Cheers Charles

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January 9, 2013
2:15 pm
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Matt
Málaga, Spain
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Just adding a profile for G. lepidogaster and came across this thread again. Guess I was busy with wedding preparations when you posted this last set of pics Charles.

If the photos were taken in the Danum Valley then the spotted fish should be N. crassiobex, but guess you've established that by now. Anyway, wonderful pics and video! Laugh

Cake or death?
January 11, 2013
12:15 pm
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torso
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Hi Matt

N. crassiobex is on top of the list. As patterns of juvenile specimen are not well known, we tend to be not decisive. But I think, i'ts a good guess.

G. lepidogaster has been bred by Heinrich Gewinner more than half a year ago. It has now been presented in AMAZONAS. I'm quite shure now to know the clue for breeding now and this year could become a "Gastromyzon-year". What I need is more tanks and more time. Both are short. What a surprise Surprised

Cheers Charles

January 11, 2013
2:34 pm
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Matt
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Has the article been published yet?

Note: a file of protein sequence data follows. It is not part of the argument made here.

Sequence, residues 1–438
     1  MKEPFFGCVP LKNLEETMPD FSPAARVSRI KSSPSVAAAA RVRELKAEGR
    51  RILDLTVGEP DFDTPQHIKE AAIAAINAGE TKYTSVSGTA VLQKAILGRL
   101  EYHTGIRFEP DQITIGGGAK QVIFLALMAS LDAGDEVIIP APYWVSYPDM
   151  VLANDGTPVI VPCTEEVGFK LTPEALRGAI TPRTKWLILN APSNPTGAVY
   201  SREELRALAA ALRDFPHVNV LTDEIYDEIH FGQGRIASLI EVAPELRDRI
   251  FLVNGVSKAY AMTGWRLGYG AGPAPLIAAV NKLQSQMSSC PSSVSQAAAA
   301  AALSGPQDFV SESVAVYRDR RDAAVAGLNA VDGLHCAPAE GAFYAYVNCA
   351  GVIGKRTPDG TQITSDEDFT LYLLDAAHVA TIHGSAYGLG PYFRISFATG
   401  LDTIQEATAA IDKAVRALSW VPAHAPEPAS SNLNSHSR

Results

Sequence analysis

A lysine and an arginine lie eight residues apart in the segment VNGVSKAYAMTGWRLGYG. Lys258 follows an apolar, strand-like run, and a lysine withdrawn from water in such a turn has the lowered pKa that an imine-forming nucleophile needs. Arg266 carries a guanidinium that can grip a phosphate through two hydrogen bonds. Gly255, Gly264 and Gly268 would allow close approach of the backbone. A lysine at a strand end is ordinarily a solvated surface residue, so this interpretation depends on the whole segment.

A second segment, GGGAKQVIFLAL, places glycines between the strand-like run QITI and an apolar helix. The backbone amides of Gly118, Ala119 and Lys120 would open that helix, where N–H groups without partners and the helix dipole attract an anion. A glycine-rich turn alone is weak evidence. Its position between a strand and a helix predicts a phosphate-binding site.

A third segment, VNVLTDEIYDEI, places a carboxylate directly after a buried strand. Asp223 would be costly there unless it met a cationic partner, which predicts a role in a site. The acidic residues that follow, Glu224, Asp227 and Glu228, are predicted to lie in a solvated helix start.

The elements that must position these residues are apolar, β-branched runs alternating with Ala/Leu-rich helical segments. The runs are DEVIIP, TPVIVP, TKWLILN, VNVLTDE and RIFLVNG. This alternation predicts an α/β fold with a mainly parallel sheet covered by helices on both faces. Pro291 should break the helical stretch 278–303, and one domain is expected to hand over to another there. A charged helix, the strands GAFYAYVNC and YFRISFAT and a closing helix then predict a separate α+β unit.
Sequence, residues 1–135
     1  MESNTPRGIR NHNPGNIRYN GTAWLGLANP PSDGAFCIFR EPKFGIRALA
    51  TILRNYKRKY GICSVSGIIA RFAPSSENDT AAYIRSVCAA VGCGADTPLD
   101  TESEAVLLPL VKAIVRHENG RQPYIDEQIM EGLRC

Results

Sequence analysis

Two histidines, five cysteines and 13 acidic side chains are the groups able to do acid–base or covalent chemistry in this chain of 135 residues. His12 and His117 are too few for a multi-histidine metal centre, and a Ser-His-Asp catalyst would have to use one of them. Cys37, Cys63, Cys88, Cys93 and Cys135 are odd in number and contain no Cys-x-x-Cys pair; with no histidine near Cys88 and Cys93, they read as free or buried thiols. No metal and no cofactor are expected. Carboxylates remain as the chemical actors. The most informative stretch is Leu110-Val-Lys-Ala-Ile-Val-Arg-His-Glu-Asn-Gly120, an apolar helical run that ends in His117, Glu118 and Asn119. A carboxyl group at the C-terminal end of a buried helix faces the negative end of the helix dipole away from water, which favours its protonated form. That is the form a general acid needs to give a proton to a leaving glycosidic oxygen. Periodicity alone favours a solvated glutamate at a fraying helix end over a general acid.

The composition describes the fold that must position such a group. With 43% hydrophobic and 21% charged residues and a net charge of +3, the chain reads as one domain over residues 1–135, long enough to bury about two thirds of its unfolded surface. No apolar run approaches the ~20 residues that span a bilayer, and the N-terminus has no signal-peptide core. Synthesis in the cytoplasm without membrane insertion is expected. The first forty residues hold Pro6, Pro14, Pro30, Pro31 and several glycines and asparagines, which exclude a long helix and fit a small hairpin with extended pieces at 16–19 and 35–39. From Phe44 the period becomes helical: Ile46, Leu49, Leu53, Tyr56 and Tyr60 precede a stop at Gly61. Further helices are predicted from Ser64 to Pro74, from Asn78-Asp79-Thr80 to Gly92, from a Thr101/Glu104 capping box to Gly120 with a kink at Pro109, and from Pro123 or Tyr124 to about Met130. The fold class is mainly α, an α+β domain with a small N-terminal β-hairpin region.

Cake or death?
January 11, 2013
3:14 pm
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Rüdiger
Brunswick / Germany
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Yes Matt,

German Amazon magazine Nr. 45 Jan/Feb 2013 pp.42 - 45.

Quite fascinating indeed as he didn't just have a few fry but from mid March to mid April 2012 produced more than 600 of them!

If you must insist on living in a box ...... at least do your thinking outside.
January 11, 2013
3:45 pm
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Menu
Austria
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Its a very nice article no question, but I miss the small "secrets" 

to finally cracking the code.Cry

 

January 11, 2013
3:55 pm
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Rüdiger
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Since he doesn't say anything about water parameters at all, not even temperature, maybe the "secret" is the relatively small size of the tank??? Smile

I was just amazed at the result of 600 fry in less than 4 weeks.

If you must insist on living in a box ...... at least do your thinking outside.
January 11, 2013
9:57 pm
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torso
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Hi